Following an investigation that substantiated some allegations made in a workplace harassment claim against former Weedsport Public Works Superintendent James Saroodis, the village allowed Saroodis to resign from his job of 23 years with several weeks of continued pay, health insurance and additional monetary and professional benefits.
On Tuesday, the village released Saroodis' voluntary separation and resignation agreement — officially approved on April 24 during a special meeting — in response to The Citizen's Freedom of Information Law request.
The agreement took place after a village DPW employee, Carson DiRisio, 21, filed a harassment and workplace violance claim against James, the son of Mayor Jean Saroodis. The complaint outlined various forms of physical and verbal abuse and sexual harassment, which prompted the village to hire the Syracuse-based Bond, Schoeneck & King law firm to conduct a third-party investigation of the situation.
Legal bills show the investigation report was finalized by attorney Caroline Westover on Feb. 7. A special meeting was called in the village on Feb. 8 with attorney Colin Leonard, which resulted in James being placed on paid leave commencing Feb. 9, meeting minutes indicate. Minutes also say Mayor Saroodis defied Leonard's advice by refusing to recuse herself from the matter.
The village has denied The Citizen's FOIL requests to obtain the attorney's investigation report, asserting that the records are "privileged as both attorney-client and attorney work-product material." The state Committee on Open Government says the blanket denial of the records violates numerous court precedents.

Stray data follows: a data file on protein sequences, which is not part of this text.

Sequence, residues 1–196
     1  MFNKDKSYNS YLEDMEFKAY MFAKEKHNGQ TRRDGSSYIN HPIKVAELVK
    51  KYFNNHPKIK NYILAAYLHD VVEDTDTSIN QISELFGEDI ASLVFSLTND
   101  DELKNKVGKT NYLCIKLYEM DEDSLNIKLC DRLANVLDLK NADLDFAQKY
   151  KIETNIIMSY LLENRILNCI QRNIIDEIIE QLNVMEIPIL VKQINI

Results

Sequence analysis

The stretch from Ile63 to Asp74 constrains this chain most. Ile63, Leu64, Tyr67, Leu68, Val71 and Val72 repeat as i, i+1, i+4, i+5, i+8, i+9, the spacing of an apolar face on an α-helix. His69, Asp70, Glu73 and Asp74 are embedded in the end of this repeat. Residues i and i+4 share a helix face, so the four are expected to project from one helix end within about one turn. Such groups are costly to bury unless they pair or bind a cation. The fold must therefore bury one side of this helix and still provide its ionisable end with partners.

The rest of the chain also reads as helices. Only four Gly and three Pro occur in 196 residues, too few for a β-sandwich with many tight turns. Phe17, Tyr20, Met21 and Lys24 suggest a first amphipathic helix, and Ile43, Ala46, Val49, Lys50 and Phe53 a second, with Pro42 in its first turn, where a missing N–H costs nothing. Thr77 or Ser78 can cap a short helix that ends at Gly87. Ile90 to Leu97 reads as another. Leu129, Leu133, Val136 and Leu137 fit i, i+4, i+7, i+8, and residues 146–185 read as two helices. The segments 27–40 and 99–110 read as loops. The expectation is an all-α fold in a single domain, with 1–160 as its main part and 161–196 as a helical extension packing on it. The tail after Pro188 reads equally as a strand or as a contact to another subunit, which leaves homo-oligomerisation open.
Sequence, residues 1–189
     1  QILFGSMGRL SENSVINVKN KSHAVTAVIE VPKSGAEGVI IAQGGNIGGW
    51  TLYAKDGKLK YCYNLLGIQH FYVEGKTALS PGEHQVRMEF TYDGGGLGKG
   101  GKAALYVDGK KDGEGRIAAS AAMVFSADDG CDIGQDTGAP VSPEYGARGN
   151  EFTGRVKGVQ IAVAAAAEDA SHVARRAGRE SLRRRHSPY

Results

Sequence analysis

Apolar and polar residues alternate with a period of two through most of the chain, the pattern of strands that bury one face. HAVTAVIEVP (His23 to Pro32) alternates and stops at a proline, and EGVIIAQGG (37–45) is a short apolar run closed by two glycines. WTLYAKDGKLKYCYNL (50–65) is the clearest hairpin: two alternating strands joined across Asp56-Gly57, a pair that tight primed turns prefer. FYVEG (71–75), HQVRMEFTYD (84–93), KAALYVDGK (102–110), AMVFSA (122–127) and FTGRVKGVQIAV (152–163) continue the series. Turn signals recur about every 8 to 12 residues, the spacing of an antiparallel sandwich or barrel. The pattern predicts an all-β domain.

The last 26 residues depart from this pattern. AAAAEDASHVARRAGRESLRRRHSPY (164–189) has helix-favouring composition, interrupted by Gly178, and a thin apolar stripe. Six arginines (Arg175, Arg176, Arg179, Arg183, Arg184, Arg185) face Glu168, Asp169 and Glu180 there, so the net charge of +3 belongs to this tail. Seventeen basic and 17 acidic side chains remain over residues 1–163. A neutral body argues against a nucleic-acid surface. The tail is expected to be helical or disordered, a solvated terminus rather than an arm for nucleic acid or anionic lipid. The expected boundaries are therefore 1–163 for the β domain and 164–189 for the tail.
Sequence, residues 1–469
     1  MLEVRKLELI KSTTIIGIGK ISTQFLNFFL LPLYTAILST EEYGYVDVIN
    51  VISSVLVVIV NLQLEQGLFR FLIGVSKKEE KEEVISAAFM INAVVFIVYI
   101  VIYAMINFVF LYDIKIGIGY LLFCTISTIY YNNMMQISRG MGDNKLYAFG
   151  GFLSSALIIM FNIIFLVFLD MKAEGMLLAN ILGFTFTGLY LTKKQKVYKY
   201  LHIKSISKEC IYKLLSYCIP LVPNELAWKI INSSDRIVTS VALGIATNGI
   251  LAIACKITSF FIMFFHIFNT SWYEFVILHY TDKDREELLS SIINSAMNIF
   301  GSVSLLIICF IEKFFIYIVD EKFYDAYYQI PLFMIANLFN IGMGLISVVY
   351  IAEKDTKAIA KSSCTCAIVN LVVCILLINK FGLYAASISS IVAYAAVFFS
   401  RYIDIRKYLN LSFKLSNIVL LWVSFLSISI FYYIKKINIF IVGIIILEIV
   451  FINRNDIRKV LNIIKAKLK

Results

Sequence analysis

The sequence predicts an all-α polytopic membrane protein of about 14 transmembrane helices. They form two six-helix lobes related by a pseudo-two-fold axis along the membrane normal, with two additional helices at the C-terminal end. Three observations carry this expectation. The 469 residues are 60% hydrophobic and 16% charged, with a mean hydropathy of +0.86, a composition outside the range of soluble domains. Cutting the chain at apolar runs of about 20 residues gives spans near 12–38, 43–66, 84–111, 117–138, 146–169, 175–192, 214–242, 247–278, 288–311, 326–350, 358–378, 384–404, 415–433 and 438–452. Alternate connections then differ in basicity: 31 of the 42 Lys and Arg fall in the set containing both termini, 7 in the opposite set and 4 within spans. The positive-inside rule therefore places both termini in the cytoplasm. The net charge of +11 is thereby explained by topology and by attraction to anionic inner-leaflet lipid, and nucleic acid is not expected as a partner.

Through his wife and his attorney, James has denied DiRisio's allegations. DiRisio, however, received a letter from the village that provided a general overview of the investigation stating that her "complaint resulted in a conclusion that certain of (her) allegations could be substantiated, some could not be substantiated and others could be partially substantiated." The letter indicated James' leave and his resignation was connected to the results of the investigation.
Even though certain allegations against James were found to be true, the deal with the village states that he did not make any admission of wrongdoing. It also prevents village officials and Saroodis from discussing the agreement publicly.
Within the agreement itself, its stated purpose is to resolve a "dispute" regarding the continuation of James' employment. It said that in exchange for the resignation, the village would not bring "disciplinary charges against Mr. Saroodis."
The agreement details a continuation of regular pay through June 29, amounting to $11,923, plus continued health insurance benefits; payment of all accrued but unused vacation and personal days, amounting to $5,962. In addition, the village agreed to not contest James' receipt of unemployment benefits if he chooses to apply and to provide a "neutral reference if contacted by any (of James') prospective employers."
Other than the settlement outlined in the agreement, it states that James will not receive any additional "payment or benefit from the village of any kind." He agreed not to seek employment from the village in the future.
By signing the agreement, James "waived any right he may have had to bring a lawsuit" against the village and "no party admits to engaging in any unlawful act or other wrongdoing."
Another condition of the agreement was not to "divulge the contents hereof to any outside party, except ... as may be required by law." Mayor Saroodis, however, told The Citizen on May 3 that James had given her a copy of the resignation agreement.
At the time, Mayor Saroodis claimed that the agreement said the allegations were "unfounded."
While the agreement does say no party admits to unlawful acts, the agreement itself mentions nothing of DiRiso's harassment complaint, the allegations against James, nor the involvement of attorneys, which cost the village roughly $30,000 for the months of December to April.